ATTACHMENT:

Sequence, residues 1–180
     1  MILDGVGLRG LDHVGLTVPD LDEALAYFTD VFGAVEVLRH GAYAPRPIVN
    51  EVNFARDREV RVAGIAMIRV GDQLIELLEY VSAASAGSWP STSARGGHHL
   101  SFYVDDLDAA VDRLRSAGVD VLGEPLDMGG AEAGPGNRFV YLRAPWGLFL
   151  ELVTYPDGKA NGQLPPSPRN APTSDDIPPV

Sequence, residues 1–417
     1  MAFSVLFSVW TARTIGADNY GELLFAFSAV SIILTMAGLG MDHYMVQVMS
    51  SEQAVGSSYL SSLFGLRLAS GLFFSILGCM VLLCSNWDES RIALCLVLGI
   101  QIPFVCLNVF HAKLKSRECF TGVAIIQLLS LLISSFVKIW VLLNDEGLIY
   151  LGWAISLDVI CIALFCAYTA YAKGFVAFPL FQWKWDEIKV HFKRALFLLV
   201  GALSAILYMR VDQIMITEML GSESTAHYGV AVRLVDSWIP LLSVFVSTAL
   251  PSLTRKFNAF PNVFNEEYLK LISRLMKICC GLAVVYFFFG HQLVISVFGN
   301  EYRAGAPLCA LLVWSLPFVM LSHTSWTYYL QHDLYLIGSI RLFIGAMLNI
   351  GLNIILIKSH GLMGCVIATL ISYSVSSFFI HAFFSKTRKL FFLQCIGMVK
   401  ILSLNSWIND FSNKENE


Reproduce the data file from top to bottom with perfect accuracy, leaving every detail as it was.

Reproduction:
Sequence, residues 1–180
     1  MILDGVGLRG LDHVGLTVPD LDEALAYFTD VFGAVEVLRH GAYAPRPIVN
    51  EVNFARDREV RVAGIAMIRV GDQLIELLEY VSAASAGSWP STSARGGHHL
   101  SFYVDDLDAA VDRLRSAGVD VLGEPLDMGG AEAGPGNRFV YLRAPWGLFL
   151  ELVTYPDGKA NGQLPPSPRN APTSDDIPPV

Sequence, residues 1–417
     1  MAFSVLFSVW TARTIGADNY GELLFAFSAV SIILTMAGLG MDHYMVQVMS
    51  SEQAVGSSYL SSLFGLRLAS GLFFSILGCM VLLCSNWDES RIALCLVLGI
   101  QIPFVCLNVF HAKLKSRECF TGVAIIQLLS LLISSFVKIW VLLNDEGLIY
   151  LGWAISLDVI CIALFCAYTA YAKGFVAFPL FQWKWDEIKV HFKRALFLLV
   201  GALSAILYMR VDQIMITEML GSESTAHYGV AVRLVDSWIP LLSVFVSTAL
   251  PSLTRKFNAF PNVFNEEYLK LISRLMKICC GLAVVYFFFG HQLVISVFGN
   301  EYRAGAPLCA LLVWSLPFVM LSHTSWTYYL QHDLYLIGSI RLFIGAMLNI
   351  GLNIILIKSH GLMGCVIATL ISYSVSSFFI HAFFSKTRKL FFLQCIGMVK
   401  ILSLNSWIND FSNKENE